Several people who know him told The Inquirer that Bachenberg, a former board member of the National Rifle Association and former tech company CEO, used to be considered a traditional Republican. He supported moderate and independent-minded Republicans, they said, but soured on them when they wouldn’t do his bidding, weren’t seen as supportive of Trump, or — most recently — wouldn’t assist in efforts to overturn election results.
“What really amazed me the most is that one man would be willing to sacrifice so much personally for a narrative he knew was false,” said Mike Ryan, a former employee at Bachenberg’s nonprofit serving veterans in Lackawanna County.
Bachenberg could not be reached for comment. On Tuesday, when a reporter visited Lehigh Valley Sporting Clays, an employee there said he wouldn’t have anything to say.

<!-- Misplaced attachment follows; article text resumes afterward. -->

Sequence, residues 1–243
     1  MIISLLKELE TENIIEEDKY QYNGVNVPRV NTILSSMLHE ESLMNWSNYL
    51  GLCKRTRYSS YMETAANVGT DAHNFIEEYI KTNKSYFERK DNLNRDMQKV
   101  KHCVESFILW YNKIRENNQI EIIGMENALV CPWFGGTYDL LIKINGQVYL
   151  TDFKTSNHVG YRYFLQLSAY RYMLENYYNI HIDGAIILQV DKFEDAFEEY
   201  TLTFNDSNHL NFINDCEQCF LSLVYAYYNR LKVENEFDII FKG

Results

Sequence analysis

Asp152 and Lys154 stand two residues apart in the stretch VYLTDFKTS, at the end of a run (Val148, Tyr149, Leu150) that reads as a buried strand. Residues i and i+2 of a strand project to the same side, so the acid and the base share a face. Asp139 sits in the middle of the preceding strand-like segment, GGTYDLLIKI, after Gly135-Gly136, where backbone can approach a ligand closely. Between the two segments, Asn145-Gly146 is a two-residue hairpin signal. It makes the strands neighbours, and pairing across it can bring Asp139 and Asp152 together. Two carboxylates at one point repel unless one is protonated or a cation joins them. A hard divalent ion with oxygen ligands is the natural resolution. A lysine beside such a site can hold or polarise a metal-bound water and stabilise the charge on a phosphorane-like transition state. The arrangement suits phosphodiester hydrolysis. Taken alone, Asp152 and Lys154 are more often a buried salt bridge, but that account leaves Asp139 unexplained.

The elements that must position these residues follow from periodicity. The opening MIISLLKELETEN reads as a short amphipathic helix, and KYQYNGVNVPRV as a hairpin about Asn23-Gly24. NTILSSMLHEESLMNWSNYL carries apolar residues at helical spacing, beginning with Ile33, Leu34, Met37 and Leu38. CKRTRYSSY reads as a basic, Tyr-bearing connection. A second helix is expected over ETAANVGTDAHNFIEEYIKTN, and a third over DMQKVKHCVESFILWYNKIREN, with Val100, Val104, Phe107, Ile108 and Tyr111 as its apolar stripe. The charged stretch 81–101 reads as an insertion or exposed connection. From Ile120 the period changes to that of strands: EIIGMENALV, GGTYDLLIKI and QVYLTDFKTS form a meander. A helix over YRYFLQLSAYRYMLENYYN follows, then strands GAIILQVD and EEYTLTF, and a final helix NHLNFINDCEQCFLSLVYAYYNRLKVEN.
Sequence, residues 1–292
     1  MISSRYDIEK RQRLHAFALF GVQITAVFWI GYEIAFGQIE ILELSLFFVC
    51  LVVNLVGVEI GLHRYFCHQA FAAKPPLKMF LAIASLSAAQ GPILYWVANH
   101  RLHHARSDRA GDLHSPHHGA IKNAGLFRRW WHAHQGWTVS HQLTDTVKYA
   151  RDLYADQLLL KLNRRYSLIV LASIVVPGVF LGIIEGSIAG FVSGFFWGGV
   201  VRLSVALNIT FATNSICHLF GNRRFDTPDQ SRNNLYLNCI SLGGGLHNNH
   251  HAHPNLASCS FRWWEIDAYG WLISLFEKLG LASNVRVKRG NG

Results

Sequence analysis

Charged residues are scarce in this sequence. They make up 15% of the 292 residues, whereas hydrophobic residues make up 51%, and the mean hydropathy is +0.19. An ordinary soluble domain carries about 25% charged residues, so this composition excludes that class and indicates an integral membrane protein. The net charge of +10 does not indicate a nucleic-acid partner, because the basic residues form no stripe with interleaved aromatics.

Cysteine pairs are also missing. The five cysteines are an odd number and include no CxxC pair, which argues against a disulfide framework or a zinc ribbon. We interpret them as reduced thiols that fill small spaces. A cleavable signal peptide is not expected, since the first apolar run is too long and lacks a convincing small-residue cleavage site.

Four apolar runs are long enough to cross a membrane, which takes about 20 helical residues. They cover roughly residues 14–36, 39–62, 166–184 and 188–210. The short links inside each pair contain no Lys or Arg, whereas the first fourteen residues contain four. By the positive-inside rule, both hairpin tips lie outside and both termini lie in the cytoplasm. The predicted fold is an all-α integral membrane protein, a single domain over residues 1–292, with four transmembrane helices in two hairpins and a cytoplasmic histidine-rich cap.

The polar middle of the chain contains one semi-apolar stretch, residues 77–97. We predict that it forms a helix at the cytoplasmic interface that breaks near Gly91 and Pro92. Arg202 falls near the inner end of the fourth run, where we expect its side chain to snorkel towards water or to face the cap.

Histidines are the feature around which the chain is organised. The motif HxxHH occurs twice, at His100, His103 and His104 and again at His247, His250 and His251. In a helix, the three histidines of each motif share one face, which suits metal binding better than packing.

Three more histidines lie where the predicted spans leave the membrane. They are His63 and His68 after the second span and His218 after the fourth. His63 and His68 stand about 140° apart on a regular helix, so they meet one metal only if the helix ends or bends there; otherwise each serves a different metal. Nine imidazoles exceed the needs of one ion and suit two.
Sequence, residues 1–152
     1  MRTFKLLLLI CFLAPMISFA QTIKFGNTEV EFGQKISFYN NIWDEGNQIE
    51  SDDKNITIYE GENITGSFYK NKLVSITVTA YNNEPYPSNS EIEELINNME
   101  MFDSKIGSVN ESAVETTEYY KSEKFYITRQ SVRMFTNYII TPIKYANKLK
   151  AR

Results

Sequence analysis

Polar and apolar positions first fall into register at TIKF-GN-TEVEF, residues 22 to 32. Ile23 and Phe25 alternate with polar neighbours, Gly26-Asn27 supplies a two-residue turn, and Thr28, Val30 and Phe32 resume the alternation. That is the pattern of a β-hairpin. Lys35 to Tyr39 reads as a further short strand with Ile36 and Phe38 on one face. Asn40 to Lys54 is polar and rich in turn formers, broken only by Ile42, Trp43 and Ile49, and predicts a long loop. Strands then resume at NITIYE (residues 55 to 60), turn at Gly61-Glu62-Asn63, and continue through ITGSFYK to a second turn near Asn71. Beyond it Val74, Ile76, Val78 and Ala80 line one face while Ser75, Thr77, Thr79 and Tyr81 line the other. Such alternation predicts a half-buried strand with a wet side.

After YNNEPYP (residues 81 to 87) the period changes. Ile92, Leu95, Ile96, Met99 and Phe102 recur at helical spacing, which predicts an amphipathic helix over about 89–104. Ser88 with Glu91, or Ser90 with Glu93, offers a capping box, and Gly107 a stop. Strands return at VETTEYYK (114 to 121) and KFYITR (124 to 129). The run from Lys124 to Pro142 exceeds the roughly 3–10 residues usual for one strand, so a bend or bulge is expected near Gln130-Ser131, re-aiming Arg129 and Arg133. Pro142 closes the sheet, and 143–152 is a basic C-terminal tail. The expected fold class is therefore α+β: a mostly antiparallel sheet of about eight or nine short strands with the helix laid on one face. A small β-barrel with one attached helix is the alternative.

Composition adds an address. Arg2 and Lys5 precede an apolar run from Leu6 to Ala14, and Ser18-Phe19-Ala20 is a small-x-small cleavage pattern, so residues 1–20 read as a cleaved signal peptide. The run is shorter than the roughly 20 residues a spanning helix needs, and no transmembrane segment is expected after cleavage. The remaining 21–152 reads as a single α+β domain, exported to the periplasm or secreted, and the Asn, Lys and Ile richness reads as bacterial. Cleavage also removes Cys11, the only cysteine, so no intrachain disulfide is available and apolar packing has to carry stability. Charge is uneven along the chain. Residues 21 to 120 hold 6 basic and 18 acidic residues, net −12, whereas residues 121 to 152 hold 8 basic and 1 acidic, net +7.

“Yeah he’s not going to be interested in talking,” she said. “You can give me your card but I can tell you he’s not going to call you.”
Support for Trump and an ‘angry agenda’
Bachenberg founded DBSi, a systems storage company based in Hanover Township, Northampton County, that was acquired by a larger cybersecurity firm in 2012. He purchased Lehigh Valley Sporting Clays in 2000 and also founded Camp Freedom, a nonprofit organization on more than 2,300 acres that brings together veterans for hunts in Lackawanna County.
Bachenberg has made some political donations to GOP candidates in the past, campaign finance records show, but he became more involved in politics since 2016. He has said he knows Donald Trump Jr. through his involvement in the NRA and has gone shooting with him, and in 2016 became a member of one of Pennsylvania’s first pro-Trump PACs.